These are the Georgia companies who won federal contracts in May 2014

June 2, 2014 by

Ever wonder who’s winning federal contracts in Georgia?

Wouldn’t this information be helpful if you are looking for subcontracting prospects?  Or when you’re trying to figure out who your competitors are?  Or when considering who might be a good partner on an upcoming bid proposal?

Each month, the Georgia Tech Procurement Assistance Center (GTPAC) publishes a list of federal contracts awarded to Georgia businesses.  The list comes complete with point-of-contact information on the awardees, the name of the awarding agency, the dollar value of the contract, and much more.

Download details on the award winners for May 2014 right here: FEDERAL CONTRACT AWARDS IN GEORGIA – MAY 2014

Winners of federal contracts earlier this year may be found at the links below:

For information on Georgia businesses that won federal contracts in 2013, click here.

Companies seeking government contracts may turn attention to state and local markets

May 20, 2014 by

As competition for contracts with U.S. federal government agencies increases, companies that seek to maintain or increase their government sales may set their sights on states instead.

Indeed, this may already be happening: for one thing, more than 500 people attended the “How to Market to State Governments” conference held in March by the National Association of State Procurement Officials (“NASPO”), a record for the event.

While seeking new business opportunities is generally a good thing, contractors accustomed to the way things work at the federal level should understand that state-level procurements can be a very different game. Bid protests at the state level can be especially tricky, not only for disappointed bidders, but for awardees as well. Contractors should take certain proactive measures when participating in state-level procurements to secure their chances for award.

According to a 2012 NASPO survey, only six states had at that time completely adopted the Model Procurement Code developed by the American Bar Association.

Keep reading this article at: http://www.mondaq.com/unitedstates/x/310810/Government+Contracts+Procurement+PPP/StateLevel+Procurements+Youre+Not+In+Kansas+Any+More+Unless+You+Happen+To+Be+Selling+To+Kansas&email_access=on

President’s budget request yields clues for contractors to follow

May 14, 2014 by

Analysis of the president’s budget request typically yields some interesting clues for anyone willing to go deep enough into the data to reveal them. The numbers reveal shifting agency priorities as well as hints to the sea changes that could affect the potential $608 billion in fiscal 2015 contract spending.

There are a number of areas that contractors should consider as they navigate the remainder of fiscal 2014 and plan for 2015:

1. Put on your game face for recompetes.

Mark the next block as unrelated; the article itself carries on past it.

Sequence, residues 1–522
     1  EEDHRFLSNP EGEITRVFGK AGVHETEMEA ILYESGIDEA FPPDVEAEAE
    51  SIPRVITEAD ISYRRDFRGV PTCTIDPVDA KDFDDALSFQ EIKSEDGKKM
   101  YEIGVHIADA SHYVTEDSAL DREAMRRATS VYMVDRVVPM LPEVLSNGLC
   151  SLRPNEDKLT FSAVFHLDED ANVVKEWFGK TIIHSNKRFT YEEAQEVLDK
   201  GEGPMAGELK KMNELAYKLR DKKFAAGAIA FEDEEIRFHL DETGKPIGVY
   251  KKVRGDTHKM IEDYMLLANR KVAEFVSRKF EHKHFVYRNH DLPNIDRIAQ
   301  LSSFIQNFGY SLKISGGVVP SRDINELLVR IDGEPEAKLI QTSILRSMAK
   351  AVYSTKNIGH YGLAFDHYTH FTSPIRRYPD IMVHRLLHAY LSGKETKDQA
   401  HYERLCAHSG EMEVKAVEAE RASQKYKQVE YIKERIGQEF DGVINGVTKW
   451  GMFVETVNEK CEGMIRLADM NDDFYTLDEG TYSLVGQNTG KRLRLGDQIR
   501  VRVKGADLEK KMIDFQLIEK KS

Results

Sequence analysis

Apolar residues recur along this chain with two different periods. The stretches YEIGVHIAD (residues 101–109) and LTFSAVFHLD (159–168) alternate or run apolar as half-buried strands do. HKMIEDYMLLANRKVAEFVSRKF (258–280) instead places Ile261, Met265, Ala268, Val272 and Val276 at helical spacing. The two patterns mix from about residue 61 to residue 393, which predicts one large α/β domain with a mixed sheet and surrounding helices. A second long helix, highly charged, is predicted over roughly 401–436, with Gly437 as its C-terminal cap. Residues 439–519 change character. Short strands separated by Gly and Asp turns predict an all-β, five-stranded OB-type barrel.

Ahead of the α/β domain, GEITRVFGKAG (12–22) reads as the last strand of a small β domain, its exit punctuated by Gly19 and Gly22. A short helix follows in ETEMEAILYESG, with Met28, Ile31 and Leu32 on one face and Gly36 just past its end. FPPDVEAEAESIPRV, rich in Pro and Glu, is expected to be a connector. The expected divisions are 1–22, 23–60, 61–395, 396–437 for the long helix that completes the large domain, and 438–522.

2. Keep an eye on the shelf life on IT funding.

3. Take advantage of 2014 to gain footing for 2015.

4. Expect more contractor scrutiny.

5. Follow the (Defense) money.

Keep reading this article at: http://www.washingtonpost.com/business/capitalbusiness/deltek-budget-request-yields-clues-for-contractors-to-follow/2014/05/09/e249e1a0-d479-11e3-95d3-3bcd77cd4e11_story.html

The government’s duty of good faith and fair dealing

May 8, 2014 by

The long-standing principle that the federal government had the same implied duty of good faith and fair dealing as any commercial buyer was put in jeopardy by a 2010 decision of the U.S. Court of Appeals for the Federal Circuit, Precision Pine & Timber, Inc. v. U.S., 596 F.3d 817 (Fed. Cir. 2010).

There a panel of the court adopted a narrow rule seemingly limiting application of the principle to situations where a government action was “specifically targeted” at the contractor or had the effect of taking away one of the benefits that had been promised to the contractor.

Although the decision concerned a timber sales contract not a procurement contract, when I wrote it up in the May 2010 Nash & Cibinic Report (24 N&CR ¶ 22), I expressed the fear that the reasoning would be subsequently applied to procurement contracts.

My fear was realized in a construction contract case, Metcalf Construction Co. v. U. S., 102 Fed. Cl. 334 (2011). In that decision, the judge described eggregious conduct on the part of the government officials that would have been held to be a breach of the implied duty of good faith and fair dealing under many earlier cases.

Keep reading this article at: http://www.wifcon.com/discussion/index.php?/blog/47/entry-3042-the-governments-duty-of-good-faith-and-fair-dealing/ 

SBA: Women 8(a) applicants don’t need “smoking gun” bias evidence

May 6, 2014 by

A woman does not need to provide the SBA with “smoking gun” evidence of bias in order to be considered socially disadvantaged for purposes of her company’s application to the 8(a) program.

In a recent decision, the SBA Office of Hearings and Appeals (OHA) sharply criticized the SBA’s evaluation of a woman-owned small business’s 8(a) application, holding that the SBA had improperly discounted evidence of bias, needlessly demanded that the woman provide irrelevant details, and made several other errors.

SBA OHA’s decision in Matter of Bartkowski Life Safety Corp., SBA No. BDPE-516 (2014) involved Bartkowski Life Safety Corporation’s 8(a) application.  Bartkowski initially applied to the program in January 2012.  Bartkowski asserted that its owner, Lauren Sustek, was socially disadvantaged on the basis of gender.

Keep reading this article at: http://smallgovcon.com/8a-program/women-8a-applicants-dont-need-smoking-gun-evidence-of-bias-says-sba-oha/

These are the Georgia companies who won federal contracts in April 2014

May 1, 2014 by

Ever wonder who’s winning federal contracts in Georgia?